Oklahoma’s latest multi-county grand jury is scheduled to convene today. State and district attorneys use the multi-county grand jury to investigate and bring indictments in complicated criminal cases.
As he did for the state’s last multi-county grand jury, Oklahoma District Court Judge Timothy Henderson will be presiding.
The subject matters that a multi-county grand jury may investigate are established by 22 O.S. Section 353 of state statute. They include:
- Drug crimes
- Organized crime
- Public corruption
- Securities violations
- Government purchases
- Misappropriation of public funds
A multi-county grand jury has subpoena power to compel witnesses to appear and provide testimony under oath or produce documents and other evidence.
The grand jury typically meets for up to three consecutive days each month with a full term lasting 18 months, though it can be extended six additional months if necessary. Oklahoma’s last multi-county grand jury adjourned in November, more than five months before its statutory deadline. It released an eight-page report of activities, which included 13 sessions, 1,093 subpoenas and 18 indictments charging 20 people.
Pat Ryan special prosecutor for Boren, Hall matter
David Boren, Tripp Hall remain under OSBI investigation by Tres Savage
Oklahoma’s 18th multi-county grand jury will ultimately be presented information about a number of potentially high-profile cases.
With the Oklahoma State Bureau of Investigation looking into allegations of sexual and financial misconduct against former U.S. Sen., Gov. and OU President David Boren, a special prosecutor appointed by Attorney General Mike Hunter could ask the grand jury to subpoena witnesses, subpoena records or issue indictments in the case.
That prosecutor, Pat Ryan, could present information on behalf of OSBI, which is also investigating longtime Boren employee and former OU Vice President of University Development Tripp Hall.
Primarily through attorney Clark Brewster, both Boren and Hall have maintained their innocence. If OSBI asks Ryan to present information to the multi-county grand jury, the state’s inquiries into the two men could be extended or wound down.
While Hunter specified in April 2019 that Ryan has access to the multi-county grand jury in performance of his duties overseeing the Boren and Hall investigations, Ryan is under no obligation to use the grand jury in determining whether to pursue charges.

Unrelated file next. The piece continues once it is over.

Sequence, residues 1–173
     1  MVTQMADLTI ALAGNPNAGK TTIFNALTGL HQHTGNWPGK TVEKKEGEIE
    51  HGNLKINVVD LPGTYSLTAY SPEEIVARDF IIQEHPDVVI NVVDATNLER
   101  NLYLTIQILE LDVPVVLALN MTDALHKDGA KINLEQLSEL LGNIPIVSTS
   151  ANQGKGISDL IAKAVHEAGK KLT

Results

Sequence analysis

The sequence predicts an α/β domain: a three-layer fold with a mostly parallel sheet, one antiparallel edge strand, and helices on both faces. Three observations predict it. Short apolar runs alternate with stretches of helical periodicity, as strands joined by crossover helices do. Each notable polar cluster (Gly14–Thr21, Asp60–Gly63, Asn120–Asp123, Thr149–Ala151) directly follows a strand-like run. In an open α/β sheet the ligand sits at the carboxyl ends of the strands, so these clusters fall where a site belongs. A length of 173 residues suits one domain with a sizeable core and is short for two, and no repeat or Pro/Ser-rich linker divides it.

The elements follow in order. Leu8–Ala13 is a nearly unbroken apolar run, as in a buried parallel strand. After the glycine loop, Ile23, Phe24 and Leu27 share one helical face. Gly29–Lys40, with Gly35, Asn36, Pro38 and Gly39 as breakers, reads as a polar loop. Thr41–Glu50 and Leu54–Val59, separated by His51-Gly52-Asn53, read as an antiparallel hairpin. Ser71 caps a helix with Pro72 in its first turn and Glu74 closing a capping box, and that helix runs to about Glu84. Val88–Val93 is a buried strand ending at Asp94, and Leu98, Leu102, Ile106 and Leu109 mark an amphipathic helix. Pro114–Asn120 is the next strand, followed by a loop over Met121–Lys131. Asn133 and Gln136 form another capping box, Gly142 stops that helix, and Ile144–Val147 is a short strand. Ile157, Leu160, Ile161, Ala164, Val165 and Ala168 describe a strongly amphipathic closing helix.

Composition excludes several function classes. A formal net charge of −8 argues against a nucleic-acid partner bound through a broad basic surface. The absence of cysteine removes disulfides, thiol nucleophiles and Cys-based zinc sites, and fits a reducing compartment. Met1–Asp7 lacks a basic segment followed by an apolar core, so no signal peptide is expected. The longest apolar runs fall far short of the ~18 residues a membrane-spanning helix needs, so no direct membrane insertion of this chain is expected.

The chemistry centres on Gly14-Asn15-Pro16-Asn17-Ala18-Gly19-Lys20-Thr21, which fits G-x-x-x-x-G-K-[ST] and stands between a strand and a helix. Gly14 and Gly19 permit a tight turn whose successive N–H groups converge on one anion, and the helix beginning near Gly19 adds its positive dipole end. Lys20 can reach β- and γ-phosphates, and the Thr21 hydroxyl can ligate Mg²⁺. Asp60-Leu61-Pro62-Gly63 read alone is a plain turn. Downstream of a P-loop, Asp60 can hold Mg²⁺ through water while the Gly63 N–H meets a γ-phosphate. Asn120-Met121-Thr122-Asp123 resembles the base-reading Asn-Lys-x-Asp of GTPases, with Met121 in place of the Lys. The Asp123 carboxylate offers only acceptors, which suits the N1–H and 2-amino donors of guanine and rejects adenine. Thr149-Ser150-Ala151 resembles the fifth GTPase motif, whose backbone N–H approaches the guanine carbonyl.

Additional multi-county grand jury details
In its final report from November, Oklahoma’s previous multi-county grand jury outlined the body’s value to law enforcement:
By obtaining testimony, the respective district attorneys and local law enforcement agencies were able to eliminate individuals as potential suspects, strengthen their investigations, make charging decisions and/or further pursue leads resulting from testimony.
That grand jury — Oklahoma’s 17th multi-county grand jury — also explained its investigatory tactics and purposes in the report:
Always mindful of the protections afforded individuals under the Constitution of the United States and Constitution of the State of Oklahoma, it is clear the power to subpoena documents, records, and other evidence, and compel the attendance and testimony of witnesses under oath across county boundaries is an extremely effective tool in the investigation of criminal activity occurring in single or multiple counties across Oklahoma. The power to compel testimony has enabled the Oklahoma Multicounty Grand Jury to obtain the testimony of witnesses whose vital information would likely not have been obtained by other processes.
Likewise, the authority to subpoena different types of financial, business, and phone records has been pivotal in discovering and documenting criminal activity throughout the state without prematurely alerting those under investigation and giving them the opportunity to dispose of evidence, change their method of operation, or otherwise hinder lawful investigations.
The grand jury process serves an important function in the protection of a free citizenry in a representative republic such as ours. The Oklahoma Multicounty Grand Jury is composed of ordinary citizens from across our State. We do not decide guilt or innocence, but rather, determine whether there is sufficient evidence which, if explained or uncontradicted and presented in court to a jury of one’s peers, would prove the defendant’s guilt beyond a reasonable doubt. When there is sufficient evidence of both type and quality, the grand jury’s responsibility is to bring an indictment, or accusation of a crime, so that the state may require the indicted to face his accusers and stand trial.
State statute directs the work of the grand jury to be kept secret, except when ordered by the court. The law does permit witnesses to publicize their testimony if they choose, unless the presiding judge orders otherwise.
Witnesses who appear before the grand jury can have a lawyer present to advise them, but the lawyer cannot object to grand jury questions or make arguments to the grand jury.
A representative of the Attorney General’s Office presents evidence to the grand jury and questions witnesses. If the grand jury issues an indictment, the defendant is prosecuted in the district court where the indictment is filed.
Multi-county grand jurors are selected from jury lists statewide. They are paid $20 per day, plus reimbursement for meals and mileage.